Statute of Limitations

A statute of limitations is the limit on how long after an injury occurs in which the injured victim may bring suit. In other words, the statute of limitations is the amount of time that you have to sue someone after they’ve hurt you. Once the statute of limitations runs out, the victim loses any rights to seek compensation from the wrongdoer.

The statute of limitations can be longer or shorter, depending on the state, and depending on the case that is being brought. In Pennsylvania, for injuries based on negligence, such as car accidents, slip and fall cases, or other cases in which someone’s failure to observe reasonable standards of care led to an injury, the statute of limitations is two years. For breach of contract, the statute of limitations is four years. In some rather unusual cases, such as lesser known common-law causes of action, the statute of limitations is six years. For claims related to privacy and defamation, the statute of limitations is only one year.

There are some exceptions to the statute of limitations bar against a lawsuit. One is called the discovery rule. If the victim did not know or have a reason to know about the injury until after the statute of limitations has run, the statute of limitations may be “tolled” or delayed to allow the victim a longer stretch of time within which to bring suit. The discovery rule is narrow, and fairly limited in Pennsylvania. It will only revive the statute of limitations long enough for the person to bring suit within a reasonable time. In extremely unusual situations where a wrongdoer has intentionally misled someone about their statute of limitations, courts will sometimes invoke the “equitable tolling” doctrine which allows someone to bring suit within a reasonable time after they’ve learned of the statute of limitations. This also is a rare situation, and neither of these exceptions should be relied on by a victim except in the most exceptional of situations.

The bottom line is you typically have a fairly limited amount of time in which to bring a lawsuit if you wish to bring one. Your rights do not remain open forever and you can lose them if you don’t act quickly. Having a litigation lawyer who understands the statutes of limitations in Pennsylvania and the various equitable doctrines built on them can help you determine in which category your case properly falls. For example, depending on the type of car accident you were in, your lawsuit may actually be a breach of contract action against an insurer. Having an attorney who can walk you through these sorts of distinctions may mean the difference between successfully bringing suit or not bringing suit at all. Regardless, you’re encouraged to discuss your rights immediately with an attorney if you believe that you or a loved one have been harmed by someone else’s actions or negligence. A litigation attorney can help you sort through the many complex legal doctrines that will affect your case and help you to understand your rights. Call the attorneys at the Cornerstone Law Firm today and let us help you determine your rights.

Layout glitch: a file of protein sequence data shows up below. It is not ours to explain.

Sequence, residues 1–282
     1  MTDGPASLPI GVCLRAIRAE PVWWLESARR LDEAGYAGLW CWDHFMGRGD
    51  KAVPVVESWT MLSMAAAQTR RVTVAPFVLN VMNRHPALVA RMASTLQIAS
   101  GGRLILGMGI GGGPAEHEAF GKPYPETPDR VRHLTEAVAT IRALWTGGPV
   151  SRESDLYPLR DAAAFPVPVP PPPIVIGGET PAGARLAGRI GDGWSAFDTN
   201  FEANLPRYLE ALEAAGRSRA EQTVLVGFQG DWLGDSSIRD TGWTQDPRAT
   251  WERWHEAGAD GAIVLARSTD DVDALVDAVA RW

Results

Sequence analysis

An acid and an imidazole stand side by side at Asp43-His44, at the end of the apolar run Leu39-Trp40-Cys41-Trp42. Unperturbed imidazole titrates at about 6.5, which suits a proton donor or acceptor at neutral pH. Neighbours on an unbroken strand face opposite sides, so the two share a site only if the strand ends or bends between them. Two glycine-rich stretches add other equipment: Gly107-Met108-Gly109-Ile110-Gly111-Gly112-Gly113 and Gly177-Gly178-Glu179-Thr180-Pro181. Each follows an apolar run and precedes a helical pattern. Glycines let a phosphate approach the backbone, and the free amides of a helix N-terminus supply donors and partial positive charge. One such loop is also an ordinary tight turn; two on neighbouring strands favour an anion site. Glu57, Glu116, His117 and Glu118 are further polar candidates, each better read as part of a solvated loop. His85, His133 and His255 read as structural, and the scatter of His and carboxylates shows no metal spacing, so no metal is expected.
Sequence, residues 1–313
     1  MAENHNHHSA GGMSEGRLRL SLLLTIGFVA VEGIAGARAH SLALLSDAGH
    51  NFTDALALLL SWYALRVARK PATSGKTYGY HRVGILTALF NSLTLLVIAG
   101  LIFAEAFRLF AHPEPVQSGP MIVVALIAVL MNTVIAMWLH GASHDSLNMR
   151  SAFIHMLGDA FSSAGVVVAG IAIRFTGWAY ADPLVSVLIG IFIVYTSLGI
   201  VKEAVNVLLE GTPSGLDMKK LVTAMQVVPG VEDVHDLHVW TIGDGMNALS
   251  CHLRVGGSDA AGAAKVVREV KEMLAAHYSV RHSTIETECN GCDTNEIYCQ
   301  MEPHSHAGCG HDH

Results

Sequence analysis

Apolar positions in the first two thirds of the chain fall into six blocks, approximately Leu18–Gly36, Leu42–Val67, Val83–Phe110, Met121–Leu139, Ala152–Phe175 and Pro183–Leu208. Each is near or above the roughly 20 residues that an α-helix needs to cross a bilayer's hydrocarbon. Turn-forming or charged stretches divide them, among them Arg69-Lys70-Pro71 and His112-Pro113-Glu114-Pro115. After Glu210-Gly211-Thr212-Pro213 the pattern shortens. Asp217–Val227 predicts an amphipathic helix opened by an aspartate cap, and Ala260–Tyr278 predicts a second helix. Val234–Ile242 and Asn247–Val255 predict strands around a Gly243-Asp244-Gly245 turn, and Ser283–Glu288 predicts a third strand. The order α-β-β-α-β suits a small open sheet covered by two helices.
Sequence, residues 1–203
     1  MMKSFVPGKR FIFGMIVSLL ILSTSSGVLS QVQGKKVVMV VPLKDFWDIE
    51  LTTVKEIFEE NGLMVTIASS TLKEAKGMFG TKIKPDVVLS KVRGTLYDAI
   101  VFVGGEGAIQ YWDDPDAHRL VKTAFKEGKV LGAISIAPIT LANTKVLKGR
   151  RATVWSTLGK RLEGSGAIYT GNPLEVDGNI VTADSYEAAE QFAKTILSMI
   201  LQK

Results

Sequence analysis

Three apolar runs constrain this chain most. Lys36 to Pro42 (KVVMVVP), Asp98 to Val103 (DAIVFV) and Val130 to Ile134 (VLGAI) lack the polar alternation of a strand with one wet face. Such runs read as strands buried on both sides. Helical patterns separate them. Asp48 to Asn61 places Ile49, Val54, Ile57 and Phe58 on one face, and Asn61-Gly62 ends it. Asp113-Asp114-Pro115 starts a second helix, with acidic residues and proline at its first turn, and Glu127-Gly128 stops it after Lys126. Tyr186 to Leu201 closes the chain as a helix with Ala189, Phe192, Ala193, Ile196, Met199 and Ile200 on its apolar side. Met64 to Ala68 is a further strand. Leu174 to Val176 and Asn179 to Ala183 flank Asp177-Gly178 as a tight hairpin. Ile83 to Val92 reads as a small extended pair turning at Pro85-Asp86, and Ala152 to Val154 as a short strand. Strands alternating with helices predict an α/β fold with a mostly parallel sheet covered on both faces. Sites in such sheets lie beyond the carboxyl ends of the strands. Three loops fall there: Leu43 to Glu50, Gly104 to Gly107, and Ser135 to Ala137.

I lost at the Magisterial District Court! What’s Next?

If you’ve lost a civil case at the Magisterial District Court, you still have options. But, you need to act quickly. After most civil cases at the Magisterial District Court, you have 30 days to appeal the decision of the Magisterial District Judge. When you appeal, you may seek a different ruling from a higher court. In some cases, you may have less time than that such as in landlord/tenant matters. In these cases, you only have 10 days to appeal.

If you decide to appeal, you will have the opportunity to have a trial de novo. This means that your trial will be re-done all over again in front of a judge at the Court of Common Pleas. It will not merely be a review of the record at the Magisterial District Court. Rather, it will be a brand-new trial, all over again—a second bite at the apple.

While the Magisterial District Court is intended to be a broadly accessible court where non-lawyers can represent themselves if they wish, at the Court of Common Pleas this is not recommended. At the Court of Common Pleas, complex procedural rules are in place. Failure to follow these rules can result in a dismissal of your case or even an entry of judgment against you.

If you’ve recently litigated a case at the Magisterial District Court and you’re not happy with the outcome, call Cornerstone Law Firm and speak with one of our litigation attorneys today. We can help you determine your rights and figure out whether an appeal is a good idea for you. Similarly, if you’ve won a judgment at the Magisterial District Court and it’s been appealed, call us today and discuss how we can ensure that you receive a more permanent victory at the next level.

October 2018 Recap

The month of October has been productive at Cornerstone Law Firm. Attorney Crossett successfully settled two car accident cases for clients, helping them to receive financial compensation for their pain and suffering. David also attended several “depositions,” a part of the civil litigation process that allows testimony under oath before trial in order for both parties to better understand the case at hand.

Attorney Ready has been all over eastern Pennsylvania this month, driving to Union County to obtain dismissal of criminal charges for a client, and holding several hearings in Berks County criminal court. Joel also filed a lawsuit for 401k benefits unlawfully denied to an employee. He also helped several clients analyze their rights as creditors in bankruptcy court. Finally, Attorney Ready filed several deeds for clients changing ownership of homes.

At Cornerstone Law, we solve problems of all kinds. Call us today to let us know how we can help you solve your problem.